17. 17. Peer-to-Peer Networking – Structured Architecture<br />Distributed hash tables are a class of decentralized distributed systems that provide a lookup service similar to that of a hash table. <br />Pairs, key and value, are stored in the distributed has table and any connected node can proficiently retrieve the value associated with a given key.<br />Maintaining the mapping from keys to values is the responsibility of each of the nodes in the network. <br />This is done in such a way that a change to the set of peers causes a negligible amount of disruption to the rest of the network.<br />The most popular example of a network using a distributed hash table is BitTorrent’s distributed tracker. <br />
  18. 18. Peer-to-Peer Networking – Advantages and Limitations<br />One of the major advantages to a peer-to-peer network is that each time a new node is connected to the network the total capacity of the system increases. <br />This point differs from the client-server model standpoint since the addition of new nodes to a network that connects to a set number of servers could possibly slow data transfers for all of the connected users. <br />
  19. 19. Peer-to-Peer Networking – Advantages and Limitations<br />Another advantage in regards to a pure peer-to-peer network is that there is no single point of failure in the network. <br />When compared to the client-server model on this point if the server fails the network is brought down since the server is unable to relay information to the connected nodes. <br />On the pure peer-to-peer side of the topic, if one of the nodes fails the rest of the nodes are able to continue relaying information. <br />
  20. 20. Peer-to-Peer Networking – Advantages and Limitations<br />One of the weaknesses of peer-to-peer networks is that of security. Generally speaking peer-to-peer networks are more susceptible to security problems. <br />Jon Udell states in the book Peer-to-Peer: Harnessing the Power of Disruptive Technologies “Security is hard enough in traditional networks that depend on central servers. It's harder still in peer-to-peer networks, particularly when you want to authenticate your communication partners and exchange data only with people you trust.”<br />One way to combat these security problems in peer-to-peer networks is that of a reputation system. Jochem van Vroonhoven states in his paper entitled Peer to Peer Security “But on what ground can a user decide to trust a peer ornot? In current peer-to-peer systems that depend on therequesting user, reputation systems can provide a way to basetrust on the actual behavior of a peer.”<br />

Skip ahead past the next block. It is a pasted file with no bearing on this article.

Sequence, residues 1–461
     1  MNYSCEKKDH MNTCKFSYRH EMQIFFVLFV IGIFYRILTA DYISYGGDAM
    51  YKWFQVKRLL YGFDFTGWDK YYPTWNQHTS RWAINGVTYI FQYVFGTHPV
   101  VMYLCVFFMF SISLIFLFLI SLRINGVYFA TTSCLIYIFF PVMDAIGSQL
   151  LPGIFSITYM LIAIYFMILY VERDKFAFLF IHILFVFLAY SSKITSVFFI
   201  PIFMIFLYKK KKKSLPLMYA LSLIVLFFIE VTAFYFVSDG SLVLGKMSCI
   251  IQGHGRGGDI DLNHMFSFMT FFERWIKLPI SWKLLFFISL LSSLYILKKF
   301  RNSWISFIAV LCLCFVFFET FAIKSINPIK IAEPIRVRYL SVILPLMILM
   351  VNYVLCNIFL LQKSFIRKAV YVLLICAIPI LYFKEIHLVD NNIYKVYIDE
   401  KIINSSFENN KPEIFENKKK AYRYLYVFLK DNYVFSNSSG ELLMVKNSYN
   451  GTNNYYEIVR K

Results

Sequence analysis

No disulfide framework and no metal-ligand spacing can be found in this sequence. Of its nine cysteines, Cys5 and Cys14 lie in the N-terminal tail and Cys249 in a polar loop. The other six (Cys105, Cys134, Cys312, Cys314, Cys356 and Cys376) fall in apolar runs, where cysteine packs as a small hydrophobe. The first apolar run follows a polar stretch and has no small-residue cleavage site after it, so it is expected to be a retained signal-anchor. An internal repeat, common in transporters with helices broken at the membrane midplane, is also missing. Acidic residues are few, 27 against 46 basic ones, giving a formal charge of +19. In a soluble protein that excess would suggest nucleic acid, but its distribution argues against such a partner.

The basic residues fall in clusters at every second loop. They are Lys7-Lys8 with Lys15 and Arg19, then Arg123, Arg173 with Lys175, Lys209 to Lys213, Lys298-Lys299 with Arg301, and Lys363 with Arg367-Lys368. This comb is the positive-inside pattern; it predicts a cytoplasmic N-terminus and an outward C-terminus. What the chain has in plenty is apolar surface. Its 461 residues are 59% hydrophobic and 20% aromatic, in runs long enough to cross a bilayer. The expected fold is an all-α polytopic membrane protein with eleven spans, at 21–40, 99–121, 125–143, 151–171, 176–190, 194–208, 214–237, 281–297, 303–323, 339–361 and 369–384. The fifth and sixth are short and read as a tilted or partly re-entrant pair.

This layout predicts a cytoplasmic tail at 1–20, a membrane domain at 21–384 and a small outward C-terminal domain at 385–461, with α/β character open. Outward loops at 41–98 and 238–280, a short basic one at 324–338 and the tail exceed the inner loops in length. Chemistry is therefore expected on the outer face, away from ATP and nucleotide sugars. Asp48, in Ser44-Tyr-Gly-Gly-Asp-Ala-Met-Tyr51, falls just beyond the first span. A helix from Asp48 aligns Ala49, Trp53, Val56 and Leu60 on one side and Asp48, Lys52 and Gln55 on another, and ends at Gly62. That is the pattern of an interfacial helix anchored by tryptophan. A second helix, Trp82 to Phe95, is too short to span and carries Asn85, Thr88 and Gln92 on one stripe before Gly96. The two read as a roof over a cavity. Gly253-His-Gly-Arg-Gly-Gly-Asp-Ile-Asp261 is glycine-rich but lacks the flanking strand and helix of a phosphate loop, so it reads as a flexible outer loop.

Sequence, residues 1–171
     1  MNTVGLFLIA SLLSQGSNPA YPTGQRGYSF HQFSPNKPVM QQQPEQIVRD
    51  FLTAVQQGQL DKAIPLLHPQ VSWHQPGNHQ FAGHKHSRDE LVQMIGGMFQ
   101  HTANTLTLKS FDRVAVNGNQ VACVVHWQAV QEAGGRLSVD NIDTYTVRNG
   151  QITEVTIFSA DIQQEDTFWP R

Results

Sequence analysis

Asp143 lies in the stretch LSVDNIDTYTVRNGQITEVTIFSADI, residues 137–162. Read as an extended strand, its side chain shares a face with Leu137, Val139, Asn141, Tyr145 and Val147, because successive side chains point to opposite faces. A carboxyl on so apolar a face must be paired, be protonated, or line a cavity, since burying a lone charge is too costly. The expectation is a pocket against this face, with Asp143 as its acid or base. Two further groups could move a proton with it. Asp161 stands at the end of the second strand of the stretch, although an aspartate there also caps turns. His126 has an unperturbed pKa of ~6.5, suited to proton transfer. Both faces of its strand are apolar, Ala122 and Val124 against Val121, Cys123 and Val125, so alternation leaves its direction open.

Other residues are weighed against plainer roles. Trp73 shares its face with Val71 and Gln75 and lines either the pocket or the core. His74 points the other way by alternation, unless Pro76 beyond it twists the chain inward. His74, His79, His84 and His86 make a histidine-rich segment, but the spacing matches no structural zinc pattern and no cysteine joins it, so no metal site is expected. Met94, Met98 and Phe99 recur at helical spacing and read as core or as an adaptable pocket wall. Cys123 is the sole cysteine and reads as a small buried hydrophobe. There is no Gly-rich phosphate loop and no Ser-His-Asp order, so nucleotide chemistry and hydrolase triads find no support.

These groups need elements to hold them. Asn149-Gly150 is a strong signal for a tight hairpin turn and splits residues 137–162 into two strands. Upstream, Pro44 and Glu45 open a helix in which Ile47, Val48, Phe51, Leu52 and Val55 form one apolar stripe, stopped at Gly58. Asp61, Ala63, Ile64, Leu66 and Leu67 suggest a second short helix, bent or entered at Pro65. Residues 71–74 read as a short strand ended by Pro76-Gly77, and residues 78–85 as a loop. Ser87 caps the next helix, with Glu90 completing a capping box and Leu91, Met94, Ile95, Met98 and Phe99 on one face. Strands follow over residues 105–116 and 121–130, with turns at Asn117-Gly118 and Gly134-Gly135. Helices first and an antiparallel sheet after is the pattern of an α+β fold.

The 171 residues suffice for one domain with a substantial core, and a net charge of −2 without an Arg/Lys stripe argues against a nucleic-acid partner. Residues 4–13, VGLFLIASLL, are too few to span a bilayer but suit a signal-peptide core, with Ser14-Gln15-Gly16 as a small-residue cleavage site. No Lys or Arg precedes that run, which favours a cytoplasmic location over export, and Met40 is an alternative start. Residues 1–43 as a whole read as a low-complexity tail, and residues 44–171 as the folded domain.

21. 21. Peer-to-Peer Networking – Advantages and Limitations<br />Another disadvantage of peer-to-peer networks is the high bandwidth usage required. This high bandwidth usage has lead to Internet Service Providers starting to throttle, or limit, peer-to-peer traffic. <br />On the other side, the server-client model usually consists of short quick bursts of data. <br />An emerging solution to this problem is called peer-to-peer caching. <br />Peer-to-peer caching is defined as a network traffic management service that accelerates data delivered over peer-to-peer networks by means of the Internet Service Provider storing pieces of files that are most accessed by peer-to-peer users.<br />
  22. 22. Peer-to-Peer Networking – Applications<br />Some of the general applications for peer-to-peer networks include the ever popular file sharing, streaming media, grid computing, instant messaging and voice over internet protocol.<br />The most popular peer-to-peer file sharing networks that are still active today include G2, FastTrack, and Gnutella. The application of sharing files over peer-to-peer networks is what first popularized the use of peer-to-peer technology.<br />Major media streaming applications over peer-to-peer networks, or P2PTV, include Joost, TVUPlayer and CyberSky-TV. These applications allow for the streaming of media such as television channels over peer-to-peer networks.<br />
  23. 23. Peer-to-Peer Networking – Applications<br />Grid computing is a peer-to-peer application that is gaining massive popularity. <br />Grid computing applications share processing power over a networking to accomplish some type of goal.<br />The two most popular grid computing applications include BOINC and Folding@Home.<br />
  24. 24. Peer-to-Peer Networking – Applications<br />Voice over Internet Protocol, or VOIP, is another popular peer-to-peer applications. <br />The most popular voice application that uses peer-to-peer networking is Skype. <br />This application allows for the use of voice communications while using peer-to-peer technology.<br />